As the threat of bioterrorism looms, doctors need training to prepare them to balance hysteria and suspicion so they can catch problems early, Saint Louis University experts write in The Lancet.

Herding with hockey sticks
There are no hockey sticks waving around on NHL ice this holiday season, but travel to Banff National Park in Alberta, Canada, and you'll see plenty of them.

A new twist on an old nebula
A new investigation of the Helix nebula reveals that the object has a more complex three-dimensional structure than previously thought, one that is helping astronomers understand the death throes of stars like the sun.

UGA's Center for Tropical and Emerging Global Diseases receives grant to train Brazilian scientists
The Center for Tropical and Emerging Global Diseases (CTEGD) at the University of Georgia has received a $1.2 million, five-year grant from the National Institutes of Health Fogarty International Center to provide informatics training to Brazilian researchers.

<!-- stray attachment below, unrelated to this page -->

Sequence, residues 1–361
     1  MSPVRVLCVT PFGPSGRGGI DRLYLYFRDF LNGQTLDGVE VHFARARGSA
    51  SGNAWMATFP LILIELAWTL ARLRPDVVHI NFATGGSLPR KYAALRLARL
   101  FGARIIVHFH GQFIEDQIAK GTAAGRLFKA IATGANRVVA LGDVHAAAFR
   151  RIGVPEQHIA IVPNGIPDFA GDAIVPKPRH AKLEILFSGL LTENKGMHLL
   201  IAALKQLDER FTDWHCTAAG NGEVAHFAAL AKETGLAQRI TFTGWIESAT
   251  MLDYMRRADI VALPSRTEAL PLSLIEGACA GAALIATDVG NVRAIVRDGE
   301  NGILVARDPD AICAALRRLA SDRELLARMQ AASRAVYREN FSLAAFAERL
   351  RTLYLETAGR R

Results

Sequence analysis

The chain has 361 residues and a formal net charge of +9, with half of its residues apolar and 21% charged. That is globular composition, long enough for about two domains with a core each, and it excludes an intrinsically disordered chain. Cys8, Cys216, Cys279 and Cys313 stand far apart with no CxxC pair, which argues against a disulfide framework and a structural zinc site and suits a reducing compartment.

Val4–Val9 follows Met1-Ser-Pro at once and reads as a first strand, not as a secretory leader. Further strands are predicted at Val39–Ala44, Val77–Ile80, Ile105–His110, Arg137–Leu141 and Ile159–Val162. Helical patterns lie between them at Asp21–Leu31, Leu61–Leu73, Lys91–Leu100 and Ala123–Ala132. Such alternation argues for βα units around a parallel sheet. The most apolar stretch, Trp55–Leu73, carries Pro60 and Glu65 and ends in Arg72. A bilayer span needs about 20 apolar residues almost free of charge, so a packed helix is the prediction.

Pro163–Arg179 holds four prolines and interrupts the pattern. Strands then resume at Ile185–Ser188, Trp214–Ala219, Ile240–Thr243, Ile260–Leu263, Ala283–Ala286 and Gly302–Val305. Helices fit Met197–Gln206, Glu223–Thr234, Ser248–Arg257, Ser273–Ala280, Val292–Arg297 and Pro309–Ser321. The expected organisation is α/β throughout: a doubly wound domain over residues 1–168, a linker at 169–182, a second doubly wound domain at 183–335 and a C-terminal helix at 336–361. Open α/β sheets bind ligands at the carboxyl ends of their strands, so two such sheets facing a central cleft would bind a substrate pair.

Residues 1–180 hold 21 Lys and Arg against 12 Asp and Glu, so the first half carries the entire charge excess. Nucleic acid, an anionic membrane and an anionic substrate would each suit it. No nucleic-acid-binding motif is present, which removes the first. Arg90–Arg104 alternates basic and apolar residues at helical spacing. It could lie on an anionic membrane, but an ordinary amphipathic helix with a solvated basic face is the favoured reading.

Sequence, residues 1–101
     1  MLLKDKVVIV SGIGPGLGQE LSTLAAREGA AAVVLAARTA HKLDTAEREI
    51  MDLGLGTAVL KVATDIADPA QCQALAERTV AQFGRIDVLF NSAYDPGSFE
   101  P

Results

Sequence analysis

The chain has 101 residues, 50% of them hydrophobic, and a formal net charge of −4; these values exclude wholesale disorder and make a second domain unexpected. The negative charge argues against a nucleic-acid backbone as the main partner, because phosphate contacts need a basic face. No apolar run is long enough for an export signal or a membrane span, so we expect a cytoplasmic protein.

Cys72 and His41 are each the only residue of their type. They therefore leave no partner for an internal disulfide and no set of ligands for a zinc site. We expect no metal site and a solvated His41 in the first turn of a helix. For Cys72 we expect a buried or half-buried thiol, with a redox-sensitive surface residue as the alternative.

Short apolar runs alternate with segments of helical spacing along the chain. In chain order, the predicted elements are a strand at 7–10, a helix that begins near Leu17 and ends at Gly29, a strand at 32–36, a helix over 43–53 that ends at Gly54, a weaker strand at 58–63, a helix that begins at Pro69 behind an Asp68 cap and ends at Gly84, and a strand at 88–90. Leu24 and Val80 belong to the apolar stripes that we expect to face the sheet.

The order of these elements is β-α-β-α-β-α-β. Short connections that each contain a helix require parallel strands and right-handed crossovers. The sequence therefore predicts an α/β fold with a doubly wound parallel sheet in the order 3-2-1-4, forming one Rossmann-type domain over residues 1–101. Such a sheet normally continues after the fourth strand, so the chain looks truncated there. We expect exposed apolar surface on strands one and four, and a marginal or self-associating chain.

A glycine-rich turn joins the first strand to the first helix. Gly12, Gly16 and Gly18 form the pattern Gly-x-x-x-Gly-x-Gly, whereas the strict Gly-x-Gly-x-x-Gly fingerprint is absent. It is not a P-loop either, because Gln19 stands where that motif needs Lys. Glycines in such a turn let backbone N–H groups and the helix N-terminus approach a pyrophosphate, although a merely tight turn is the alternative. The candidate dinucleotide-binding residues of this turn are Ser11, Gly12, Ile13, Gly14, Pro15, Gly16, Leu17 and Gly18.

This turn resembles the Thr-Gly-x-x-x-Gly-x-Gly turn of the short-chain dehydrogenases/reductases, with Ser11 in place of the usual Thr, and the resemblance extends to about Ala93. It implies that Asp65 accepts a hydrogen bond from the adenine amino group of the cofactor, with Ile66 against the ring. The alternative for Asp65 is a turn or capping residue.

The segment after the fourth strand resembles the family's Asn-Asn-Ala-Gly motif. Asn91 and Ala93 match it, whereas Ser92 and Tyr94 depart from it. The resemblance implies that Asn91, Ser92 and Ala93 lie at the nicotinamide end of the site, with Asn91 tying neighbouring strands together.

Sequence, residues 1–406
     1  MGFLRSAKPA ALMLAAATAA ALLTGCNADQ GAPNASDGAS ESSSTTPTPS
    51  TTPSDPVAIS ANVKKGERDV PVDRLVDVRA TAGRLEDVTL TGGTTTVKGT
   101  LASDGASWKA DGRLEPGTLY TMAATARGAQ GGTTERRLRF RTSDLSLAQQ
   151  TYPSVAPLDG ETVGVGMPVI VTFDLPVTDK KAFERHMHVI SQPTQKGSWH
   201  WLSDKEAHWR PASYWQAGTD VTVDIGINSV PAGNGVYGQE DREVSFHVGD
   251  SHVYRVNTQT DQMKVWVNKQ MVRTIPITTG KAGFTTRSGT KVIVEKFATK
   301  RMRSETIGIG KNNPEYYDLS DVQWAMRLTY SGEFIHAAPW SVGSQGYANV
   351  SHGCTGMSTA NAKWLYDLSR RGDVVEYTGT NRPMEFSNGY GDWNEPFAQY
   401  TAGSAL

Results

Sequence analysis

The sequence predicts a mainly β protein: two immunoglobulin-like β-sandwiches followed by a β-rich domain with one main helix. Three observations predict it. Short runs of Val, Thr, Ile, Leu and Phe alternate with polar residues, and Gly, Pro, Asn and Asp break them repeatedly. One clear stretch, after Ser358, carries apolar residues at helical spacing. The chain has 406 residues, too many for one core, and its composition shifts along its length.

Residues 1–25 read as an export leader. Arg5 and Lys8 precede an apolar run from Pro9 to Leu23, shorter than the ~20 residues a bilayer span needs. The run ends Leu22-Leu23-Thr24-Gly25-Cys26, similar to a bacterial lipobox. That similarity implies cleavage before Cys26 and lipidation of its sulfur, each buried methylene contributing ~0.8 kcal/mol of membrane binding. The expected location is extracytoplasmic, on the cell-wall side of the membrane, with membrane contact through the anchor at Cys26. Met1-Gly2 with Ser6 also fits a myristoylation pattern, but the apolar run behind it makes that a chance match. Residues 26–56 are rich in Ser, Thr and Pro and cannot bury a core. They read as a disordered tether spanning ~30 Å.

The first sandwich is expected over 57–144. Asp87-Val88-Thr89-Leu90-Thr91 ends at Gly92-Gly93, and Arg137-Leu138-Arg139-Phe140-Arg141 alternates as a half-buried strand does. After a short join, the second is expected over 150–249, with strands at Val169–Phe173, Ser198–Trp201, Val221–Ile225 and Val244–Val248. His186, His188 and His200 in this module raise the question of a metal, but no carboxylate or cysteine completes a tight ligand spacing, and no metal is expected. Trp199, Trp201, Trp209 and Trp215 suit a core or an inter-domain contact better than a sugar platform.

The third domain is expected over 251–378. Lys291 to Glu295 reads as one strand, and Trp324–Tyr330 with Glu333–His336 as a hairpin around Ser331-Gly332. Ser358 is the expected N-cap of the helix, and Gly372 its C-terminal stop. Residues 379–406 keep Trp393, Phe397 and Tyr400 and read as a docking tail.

Assessing the season: LSU hurricane experts learned lessons during Hurricane Season 2004
Hurricane Season 2004 brought an unusually high number of intense storms, however, according to LSU Assistant Professor of Geography and Anthropology and Louisiana State Climatologist Barry Keim, the season was forecast reasonably well.

TWAS, illycaffè launch Trieste Science prize
TWAS, The Academy of Sciences for the Developing World, and illycaffè, one of the world's premier coffee producers, have launched the Trieste Science Prize.

Screening for genetic disorders: Need to avoid anxiety
People screened for genetic disorders must have appropriate follow-up and monitoring to avoid stress and anxiety, according to new research sponsored by the ESRC.

Satellites plus software equal best-ever Mediterranean heat map
This ultra high-resolution sea surface temperature map of the Mediterranean could only have been made with satellites.

Scientists discover enzyme crucial to the transportation of proteins within cells
Scientists at the University of British Columbia have discovered an enzyme in mammals crucial to the transportation of proteins within cells.

Saturn System driven by ice, says University of Colorado researcher